THE launch of a new railway freight service connecting the Karachi port with the industrial and commercial centres in the rest of the country is a welcome development and the first step — albeit an isolated one — towards turning the loss-making Pakistan Railways into a profitable company. Railway and port officials say the containerised cargo will be discharged from the ships and put directly on to a train that will deliver them to the customers at their factory gates in Multan, Lahore, Sialkot and elsewhere. The freight train will cover the distance between the port and its destination in Lahore in four days, which is not bad given the stopovers it may make and the rundown condition of the railway infrastructure. According to the railway minister, the new service will triple the container transport for Pakistan and make the railway, which has accumulated losses to the tune of more than Rs1.2tr over the last couple of decades, a profitable organisation in six months. Will it do so?
As noted, the new service will help PR somewhat improve its earnings and cut its losses. However, it would be naïve to expect it to bring the company out of the woods. At best, it signifies just the beginning of a long journey. Turning the company into a profitable entity will require the railway authorities to boost the share of freight business earnings to at least two-thirds of their total revenues. That is a huge ask given the unreliable railway infrastructure and competition from road cargo transporters like the NLC even if businesses are willing to shift to rail freight because of lower costs. Still, it can secure its monopoly over the movement of dirty cargo, which is costlier and cumbersome to transport long distance through trucks. Regaining the cargo business requires huge investment in improving its dilapidated infrastructure. Sadly, the cash-strapped government appears to have put all its eggs in the Chinese basket, hoping that Beijing’s promised investment of $6.8bn for upgrading ML-1 connecting Peshawar with Karachi would save the company. The project, nevertheless, has hit many snags. The worst part is that the government, fearing resistance from railway employees, seems to have put reform plans on hold until the Chinese money rolls in. That isn’t a prudent strategy. If the railway is to be put back on track, the government will have to invest heavily in rebuilding and rehabilitating the missing and broken infrastructure now besides implementing governance reforms.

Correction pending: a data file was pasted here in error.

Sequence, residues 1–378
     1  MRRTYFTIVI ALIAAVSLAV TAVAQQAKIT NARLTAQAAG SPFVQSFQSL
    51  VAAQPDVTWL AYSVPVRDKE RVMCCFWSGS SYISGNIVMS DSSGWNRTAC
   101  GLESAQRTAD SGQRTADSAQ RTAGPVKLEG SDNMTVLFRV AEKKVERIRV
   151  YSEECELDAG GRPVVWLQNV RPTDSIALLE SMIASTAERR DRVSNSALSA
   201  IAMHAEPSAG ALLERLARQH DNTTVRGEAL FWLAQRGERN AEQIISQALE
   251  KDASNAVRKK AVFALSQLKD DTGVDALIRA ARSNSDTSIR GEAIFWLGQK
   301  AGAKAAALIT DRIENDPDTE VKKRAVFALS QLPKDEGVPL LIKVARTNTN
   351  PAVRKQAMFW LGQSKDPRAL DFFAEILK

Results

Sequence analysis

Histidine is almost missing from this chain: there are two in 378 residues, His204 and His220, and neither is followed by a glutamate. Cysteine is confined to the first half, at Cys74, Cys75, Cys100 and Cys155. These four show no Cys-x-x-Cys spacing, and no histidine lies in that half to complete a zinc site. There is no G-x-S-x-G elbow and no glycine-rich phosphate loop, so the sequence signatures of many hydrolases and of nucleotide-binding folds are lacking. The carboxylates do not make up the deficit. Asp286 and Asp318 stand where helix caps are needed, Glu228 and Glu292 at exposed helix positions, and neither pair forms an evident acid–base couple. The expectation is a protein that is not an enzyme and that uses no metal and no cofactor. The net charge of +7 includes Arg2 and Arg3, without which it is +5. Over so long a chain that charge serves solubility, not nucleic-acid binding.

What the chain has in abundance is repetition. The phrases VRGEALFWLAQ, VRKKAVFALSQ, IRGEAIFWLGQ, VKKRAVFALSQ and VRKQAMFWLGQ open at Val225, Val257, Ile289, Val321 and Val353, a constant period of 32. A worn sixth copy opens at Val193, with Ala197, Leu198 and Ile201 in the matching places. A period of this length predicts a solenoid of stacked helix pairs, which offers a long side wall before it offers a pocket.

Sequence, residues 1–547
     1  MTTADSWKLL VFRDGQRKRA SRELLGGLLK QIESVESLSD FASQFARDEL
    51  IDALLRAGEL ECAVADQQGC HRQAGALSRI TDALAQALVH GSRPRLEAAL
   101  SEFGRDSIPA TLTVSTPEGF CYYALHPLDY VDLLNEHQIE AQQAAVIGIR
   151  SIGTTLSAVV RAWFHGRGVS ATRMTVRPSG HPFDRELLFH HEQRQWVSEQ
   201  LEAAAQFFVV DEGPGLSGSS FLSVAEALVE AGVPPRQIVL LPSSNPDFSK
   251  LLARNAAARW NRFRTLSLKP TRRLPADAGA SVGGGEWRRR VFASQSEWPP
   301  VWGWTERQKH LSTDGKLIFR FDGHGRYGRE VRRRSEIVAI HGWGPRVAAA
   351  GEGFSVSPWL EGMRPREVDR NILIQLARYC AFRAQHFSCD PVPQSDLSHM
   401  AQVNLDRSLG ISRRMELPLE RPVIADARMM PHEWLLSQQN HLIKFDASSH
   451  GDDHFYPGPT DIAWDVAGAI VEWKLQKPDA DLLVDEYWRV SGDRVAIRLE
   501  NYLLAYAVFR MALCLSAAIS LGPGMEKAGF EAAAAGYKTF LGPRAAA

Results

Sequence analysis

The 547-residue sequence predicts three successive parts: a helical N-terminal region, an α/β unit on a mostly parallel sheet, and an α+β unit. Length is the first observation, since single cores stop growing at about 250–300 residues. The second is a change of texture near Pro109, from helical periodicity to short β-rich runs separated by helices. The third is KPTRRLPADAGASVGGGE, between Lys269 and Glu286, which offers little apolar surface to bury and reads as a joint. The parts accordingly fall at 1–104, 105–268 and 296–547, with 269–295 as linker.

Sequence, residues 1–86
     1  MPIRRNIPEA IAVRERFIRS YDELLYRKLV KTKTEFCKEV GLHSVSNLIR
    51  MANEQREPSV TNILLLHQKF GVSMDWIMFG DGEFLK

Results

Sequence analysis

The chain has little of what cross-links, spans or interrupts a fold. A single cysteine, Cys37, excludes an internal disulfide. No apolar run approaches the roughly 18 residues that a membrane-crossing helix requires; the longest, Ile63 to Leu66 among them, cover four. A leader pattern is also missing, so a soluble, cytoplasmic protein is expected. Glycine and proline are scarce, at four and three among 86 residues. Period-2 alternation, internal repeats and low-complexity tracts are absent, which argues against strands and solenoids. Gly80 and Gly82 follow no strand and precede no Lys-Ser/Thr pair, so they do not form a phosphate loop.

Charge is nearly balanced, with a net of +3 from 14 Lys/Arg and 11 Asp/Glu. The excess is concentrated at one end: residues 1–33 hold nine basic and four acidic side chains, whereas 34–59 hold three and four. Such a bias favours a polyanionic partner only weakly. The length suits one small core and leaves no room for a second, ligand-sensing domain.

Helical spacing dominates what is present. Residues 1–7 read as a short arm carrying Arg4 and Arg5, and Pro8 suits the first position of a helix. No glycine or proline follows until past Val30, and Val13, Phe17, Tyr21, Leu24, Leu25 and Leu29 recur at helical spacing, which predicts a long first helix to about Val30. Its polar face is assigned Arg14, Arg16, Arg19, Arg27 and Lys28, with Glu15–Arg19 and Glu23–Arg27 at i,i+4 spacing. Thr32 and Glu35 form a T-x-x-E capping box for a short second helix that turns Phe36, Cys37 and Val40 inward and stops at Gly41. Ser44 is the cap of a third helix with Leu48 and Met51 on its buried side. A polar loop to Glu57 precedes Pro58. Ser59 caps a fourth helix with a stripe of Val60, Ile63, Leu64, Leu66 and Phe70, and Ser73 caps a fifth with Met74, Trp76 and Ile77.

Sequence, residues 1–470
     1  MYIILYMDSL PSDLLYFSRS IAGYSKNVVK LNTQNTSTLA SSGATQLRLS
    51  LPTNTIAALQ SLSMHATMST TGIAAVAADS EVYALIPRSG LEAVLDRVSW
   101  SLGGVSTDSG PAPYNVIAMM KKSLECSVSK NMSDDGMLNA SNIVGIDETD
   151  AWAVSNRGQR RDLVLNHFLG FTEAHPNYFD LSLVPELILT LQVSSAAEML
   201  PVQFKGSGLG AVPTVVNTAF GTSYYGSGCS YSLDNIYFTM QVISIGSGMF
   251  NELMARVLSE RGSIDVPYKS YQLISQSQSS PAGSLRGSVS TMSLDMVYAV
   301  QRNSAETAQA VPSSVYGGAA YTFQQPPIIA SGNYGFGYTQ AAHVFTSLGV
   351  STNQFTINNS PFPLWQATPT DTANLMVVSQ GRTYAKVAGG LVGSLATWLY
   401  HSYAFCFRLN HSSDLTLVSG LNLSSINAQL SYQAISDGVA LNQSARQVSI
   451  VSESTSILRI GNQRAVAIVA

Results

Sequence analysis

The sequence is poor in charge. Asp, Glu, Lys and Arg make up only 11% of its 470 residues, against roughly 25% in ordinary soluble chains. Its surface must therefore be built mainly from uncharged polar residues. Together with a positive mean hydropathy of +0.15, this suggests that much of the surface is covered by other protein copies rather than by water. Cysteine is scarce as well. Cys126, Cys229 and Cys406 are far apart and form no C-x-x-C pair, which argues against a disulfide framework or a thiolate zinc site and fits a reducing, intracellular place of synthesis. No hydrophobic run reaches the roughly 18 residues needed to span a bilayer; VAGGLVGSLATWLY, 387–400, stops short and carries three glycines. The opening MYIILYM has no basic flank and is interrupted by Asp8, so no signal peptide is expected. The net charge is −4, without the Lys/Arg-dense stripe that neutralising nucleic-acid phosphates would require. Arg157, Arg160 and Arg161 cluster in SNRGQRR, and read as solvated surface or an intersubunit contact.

Published in Dawn, January 26th, 2022